Parscale is brilliant at social media marketing, but he was in over his head as a campaign manager. Stepien is a more seasoned political professional who helped Chris Christie win a tight race for Governor of New Jersey in 2009 and worked in the Trump campaign war room in 2016. With Stepien in the lead role and Parscale remaining in his social media niche, this represents a significant improvement in the Trump campaign’s prospects.

This necessity for a new approach by Trump was echoed by reporters Josh Wingrove and Mario Parker in an article from Bloomberg News on Tuesday, 14 July 2020:

President Donald Trump swept to power by championing the hardships of forgotten men and women, but his re-election bid has so far centered on the plight of just one person: himself. Trump is struggling to respond to a resurgent pandemic, an economic downturn and nationwide protests for racial justice. The coronavirus has weakened the central plank of his campaign — the economy — while mostly scuttling the rallies that he thrives on. […]

Trump’s frequent complaints of mistreatment show a leader unwilling to change tactics, even as polls show him trailing Democrat Joe Biden and even at risk of losing his Republican Party’s Senate majority. His poll numbers and approval rating have dropped as the concurrent crises focused attention on Trump and his response. Undaunted, he has continued to bend the narrative around himself personally even as Americans worry about the pandemic’s rising toll. […]

His campaign and administration continue to search for a way to adapt to the pandemic era.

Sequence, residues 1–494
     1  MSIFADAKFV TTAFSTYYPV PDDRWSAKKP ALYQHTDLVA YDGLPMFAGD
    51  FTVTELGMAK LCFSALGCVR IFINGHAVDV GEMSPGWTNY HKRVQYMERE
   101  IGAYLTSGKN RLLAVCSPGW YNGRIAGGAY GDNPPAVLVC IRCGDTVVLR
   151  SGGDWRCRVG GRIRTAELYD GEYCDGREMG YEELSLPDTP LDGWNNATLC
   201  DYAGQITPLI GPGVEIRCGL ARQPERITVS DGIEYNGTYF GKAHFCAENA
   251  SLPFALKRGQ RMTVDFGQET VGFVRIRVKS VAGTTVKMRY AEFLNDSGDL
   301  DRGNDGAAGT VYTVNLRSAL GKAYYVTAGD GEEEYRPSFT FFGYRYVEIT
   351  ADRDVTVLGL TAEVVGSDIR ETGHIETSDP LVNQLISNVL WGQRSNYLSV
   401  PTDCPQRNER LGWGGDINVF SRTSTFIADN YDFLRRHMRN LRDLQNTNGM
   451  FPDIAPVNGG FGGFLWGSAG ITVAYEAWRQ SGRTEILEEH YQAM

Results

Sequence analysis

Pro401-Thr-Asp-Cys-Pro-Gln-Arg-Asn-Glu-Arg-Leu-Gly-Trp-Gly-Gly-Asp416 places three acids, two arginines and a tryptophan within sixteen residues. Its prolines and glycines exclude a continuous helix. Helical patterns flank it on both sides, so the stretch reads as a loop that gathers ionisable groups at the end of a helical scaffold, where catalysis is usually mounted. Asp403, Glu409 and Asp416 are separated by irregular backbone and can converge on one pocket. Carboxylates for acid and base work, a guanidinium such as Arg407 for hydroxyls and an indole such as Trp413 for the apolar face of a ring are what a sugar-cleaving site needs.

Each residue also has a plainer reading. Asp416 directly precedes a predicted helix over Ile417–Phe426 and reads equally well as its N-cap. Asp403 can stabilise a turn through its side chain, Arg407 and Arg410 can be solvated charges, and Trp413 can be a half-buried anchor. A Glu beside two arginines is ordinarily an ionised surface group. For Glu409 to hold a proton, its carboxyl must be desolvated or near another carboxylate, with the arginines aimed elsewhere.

Market expert Shae Russell predicts five knock-on effects of the recent market crash that could be even bigger threats to the average investor’s wealth than the crash itself.

Where Trump leads

Trump retains several distinct advantages.

The first is money. As of the end of May 2020 (most recent date for which confirmed data is available), the Trump campaign has US$108 million compared to only US$82 million for the Biden campaign.

The Republican National Committee has US$82 million on hand compared to only US$40 million for the Democratic National Committee.

Looking at the major political action committees, the Trump Make America Great Again Committee has US$33 million and the Trump Victory Committee has US$50 million, while the Biden Action Fund has US$11 million and the Biden Victory Fund has US$81 million.

Combining all sources reveals that Trump has access to US$273 million of immediately available funds, while the comparable amount for Biden is US$214 million, giving Trump a US$59 million advantage.

Of course, both campaigns are raising money at a furious pace and these totals will change, but for now the advantage clearly goes to Trump.

Trump also has a larger database and a more sophisticated digital media operation. In 2000 and 2004, George W Bush won with a superior ground game (door-to-door canvassing) organised by Karl Rove. In 2008 and 2012, Obama had a superior first-wave tech advantage using text messaging and mobile phone communications.

In 2016, Trump leapfrogged the Democrats with a second-wave tech advantage involving targeted ads on Facebook and Google with micro-tagging that reached down to individual streets and homes. The Democrats have tried to catch up, but for now the Republicans maintain the edge and this will work to Trump’s advantage in closely contested swing states such as Michigan, Pennsylvania, and Wisconsin.

Trump has advantages in money, technology, incumbency, and a more energetic campaign style. His disadvantages include his handling of the pandemic and the recession, and his inability to use his natural advantage in the mass rally format due to pandemic lockdowns.

Trump can overcome these disadvantages with a clear message about his plans for a second term. If he can articulate those plans and maintain a messaging focus beginning immediately, he can win a close election. If not, he will probably lose.

All the best,

Jim Rickards Signature

Jim Rickards,
Strategist, The Daily Reckoning Australia